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  • Writer's pictureAllison Royal

... a little ~Spring Magic~

Updated: Jun 9, 2023

Violet + Purple Dead Nettle Jelly & musings on the returning of Spring...

Have you ever made Violet + Purple Dead Nettle Jelly?!

There is something SO magical about spending an early spring day collecting flowers in the cool breeze as the sun shines down on you. Sweet aromas of the season to come fills the air and a promise of new growth is right around the corner.

I can't think of a better ritual to honor spring's return than turning wildflowers into sweet goodness. Jelly is such a fun way to preserve the freshness of wild edibles that grow right outside our front door.

First, let's nerd out a bit on the medicinal properties of these early spring flowers!

Violet: Viola sororia, known as the common blue violet (though it appears more purple), is a stemless herbaceous perennial in the Violaceae, or violet family. It grows abundantly throughout the eastern US and is easy to identify!

Topically, violet is used as a poultice, compress, infused oil, and salve for dry or chafed skin, abrasions, insect bites, eczema, varicose veins and hemorrhoids. It is cooling, soothing, and anti-inflammatory.

Internally, violets have long been used to create natural cough syrups that both soothe and act as an expectorant. A relaxing tea can be made from their leaves steeped in hot water. Violets are also a wonderful source of vitamin C & A! The beautiful blossoms make a pretty addition to any salad and can also be used as decoration for sweet confections.

This humble flower is a true gift from nature.


Purple Dead Nettle: Lamium purpureum L. A square-stemmed, low-growing winter annual with pubescent, triangular-ovate leaves, toothed margins and pale pink florets. Purple dead nettle belongs to the mint family.

Typically considered a weed, this winter/early spring gem is not to be overlooked!

As a medicinal herb, Purple Dead Nettle has astringent, purgative, diuretic, and diaphoretic properties. It's also anti-inflammatory, anti-fungal, and anti-bacterial. Fresh leaves can be applied to wounds as a poultice.

A few culinary applications include using the fresh leaves in a wild pesto or sauteing the greens as you would any other leafy green. You may also enjoy fresh or dry leaves as a tea.

This plant is abundant in vitamins, particularly vitamin C, along with iron and fiber, while the oil in its seeds is packed with powerful antioxidants.

This plant is best harvested young, as soon as you see the pretty pink blooms appear.

Today we will capture their floral essence in a delicious jelly, perfect for topping toast, biscuits or cornbread!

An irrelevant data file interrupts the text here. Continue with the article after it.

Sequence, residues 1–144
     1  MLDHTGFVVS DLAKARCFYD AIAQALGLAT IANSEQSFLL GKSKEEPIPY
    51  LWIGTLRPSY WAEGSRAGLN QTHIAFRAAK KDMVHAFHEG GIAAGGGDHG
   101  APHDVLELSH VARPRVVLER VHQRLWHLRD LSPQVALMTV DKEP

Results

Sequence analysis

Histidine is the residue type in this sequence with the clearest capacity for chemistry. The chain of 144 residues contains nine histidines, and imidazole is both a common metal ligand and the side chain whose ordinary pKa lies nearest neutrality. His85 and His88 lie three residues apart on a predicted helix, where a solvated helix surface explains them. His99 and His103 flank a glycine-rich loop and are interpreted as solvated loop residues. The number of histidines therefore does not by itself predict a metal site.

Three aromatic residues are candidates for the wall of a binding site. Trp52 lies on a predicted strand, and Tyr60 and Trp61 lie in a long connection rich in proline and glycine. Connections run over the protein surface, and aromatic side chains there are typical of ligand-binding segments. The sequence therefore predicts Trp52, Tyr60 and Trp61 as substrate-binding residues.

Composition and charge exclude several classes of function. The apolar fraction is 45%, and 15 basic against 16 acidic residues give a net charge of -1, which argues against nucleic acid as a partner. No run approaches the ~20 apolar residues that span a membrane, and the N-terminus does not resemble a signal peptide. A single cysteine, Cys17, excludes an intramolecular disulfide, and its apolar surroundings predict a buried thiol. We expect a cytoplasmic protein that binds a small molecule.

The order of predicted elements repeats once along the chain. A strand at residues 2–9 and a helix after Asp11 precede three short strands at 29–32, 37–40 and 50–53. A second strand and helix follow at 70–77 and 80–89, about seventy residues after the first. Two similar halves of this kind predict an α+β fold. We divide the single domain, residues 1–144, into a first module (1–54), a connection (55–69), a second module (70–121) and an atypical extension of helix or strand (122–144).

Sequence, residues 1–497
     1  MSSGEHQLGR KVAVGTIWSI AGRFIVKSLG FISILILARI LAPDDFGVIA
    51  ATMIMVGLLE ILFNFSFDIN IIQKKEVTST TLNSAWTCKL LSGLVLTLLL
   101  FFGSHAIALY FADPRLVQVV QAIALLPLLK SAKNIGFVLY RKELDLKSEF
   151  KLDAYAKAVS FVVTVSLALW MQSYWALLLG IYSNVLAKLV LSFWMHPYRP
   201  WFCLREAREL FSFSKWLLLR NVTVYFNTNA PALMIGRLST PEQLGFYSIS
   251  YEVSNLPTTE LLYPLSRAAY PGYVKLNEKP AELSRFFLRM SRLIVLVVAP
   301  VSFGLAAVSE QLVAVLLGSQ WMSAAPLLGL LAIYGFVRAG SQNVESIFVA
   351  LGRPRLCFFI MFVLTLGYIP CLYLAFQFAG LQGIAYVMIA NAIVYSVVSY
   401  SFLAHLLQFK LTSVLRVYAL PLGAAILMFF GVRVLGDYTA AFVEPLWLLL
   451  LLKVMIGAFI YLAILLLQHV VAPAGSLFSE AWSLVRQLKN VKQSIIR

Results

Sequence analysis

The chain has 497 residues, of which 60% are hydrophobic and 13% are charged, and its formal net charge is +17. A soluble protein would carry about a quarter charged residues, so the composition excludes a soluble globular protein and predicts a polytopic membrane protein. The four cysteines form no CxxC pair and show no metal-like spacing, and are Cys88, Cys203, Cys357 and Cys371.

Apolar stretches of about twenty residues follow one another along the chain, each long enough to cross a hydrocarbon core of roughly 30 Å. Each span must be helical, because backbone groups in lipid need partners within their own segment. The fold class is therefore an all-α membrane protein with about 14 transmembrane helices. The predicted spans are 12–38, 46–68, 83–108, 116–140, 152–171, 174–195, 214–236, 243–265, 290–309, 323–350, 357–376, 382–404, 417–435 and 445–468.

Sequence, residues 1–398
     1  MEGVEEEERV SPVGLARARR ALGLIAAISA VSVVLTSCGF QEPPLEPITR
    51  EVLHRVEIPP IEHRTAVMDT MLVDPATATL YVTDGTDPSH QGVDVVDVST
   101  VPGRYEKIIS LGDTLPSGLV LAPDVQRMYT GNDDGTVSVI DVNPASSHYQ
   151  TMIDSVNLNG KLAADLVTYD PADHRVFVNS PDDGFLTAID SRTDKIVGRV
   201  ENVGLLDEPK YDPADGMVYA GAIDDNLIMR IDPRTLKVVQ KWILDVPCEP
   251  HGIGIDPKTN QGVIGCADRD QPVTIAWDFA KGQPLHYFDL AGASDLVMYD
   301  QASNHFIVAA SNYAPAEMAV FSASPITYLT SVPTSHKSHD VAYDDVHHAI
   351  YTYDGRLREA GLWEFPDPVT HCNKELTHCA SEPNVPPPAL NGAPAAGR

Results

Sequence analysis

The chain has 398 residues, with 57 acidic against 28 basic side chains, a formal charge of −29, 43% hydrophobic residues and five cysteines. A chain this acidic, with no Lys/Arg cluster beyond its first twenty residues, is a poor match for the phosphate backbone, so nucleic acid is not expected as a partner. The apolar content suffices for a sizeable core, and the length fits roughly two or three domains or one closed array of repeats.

This recipe is simple & enchanting...

After you gather your violets and purple dead nettle, pluck their delicate petals and place them in a canning jar. You will steep them over night in hot water, creating a gorgeous inky purple tea.

In the morning, you then combine the violet "juice" with a little lemon which transforms the liquid from deep purple to bright magenta, right before your eyes! Stir in some pectin and sugar, bring to a boil then viola! Your very own wildflower jelly, ready to enjoy right away or can to save for later.

What a treat!

This is a great recipe to make with the kiddos and is sure to bring out the childlike wonder in any adult.

Violet + Purple Dead Nettle Jelly

  • 2 cups mix of violet & purple dead nettle flowers

  • 4 cups boiling water

  • 1/4 cup lemon juice

  • 4 cups sugar

  • 1 package powdered pectin

  1. Take 2 cups of violet & purple dead nettle flowers without stems and place them into a wide mouth canning jar. Pour 4 cups of boiling water over them. Allow the violet tea to cool and then place in the fridge to steep for up to 24 hours.

  2. Strain the violet tea through cheesecloth or fine mesh sieve. You should have 3 1/2 to 4 cups of liquid. Pour this into a large saucepan.

  3. Add 1/4 cup of lemon juice to the tea. The color will change from deep purple to a vibrant magenta like magic!

  4. Add 1 package of powdered pectin and bring it to a boil.

  5. Add 4 cups of sugar and return the jelly to a boil. Continue boiling for 1 to 2 minutes.

  6. Remove from the heat, stir and skim any foam off for 5 minutes.

  7. Pour into jelly jars leaving 1/4 inch of head space. Wipe the rims and add lids and rings.

  8. Process in a water bath caner for 10 minutes or according to your altitude.

  9. Remove from the caner and place on a towel for 24 hours until the seals have set.

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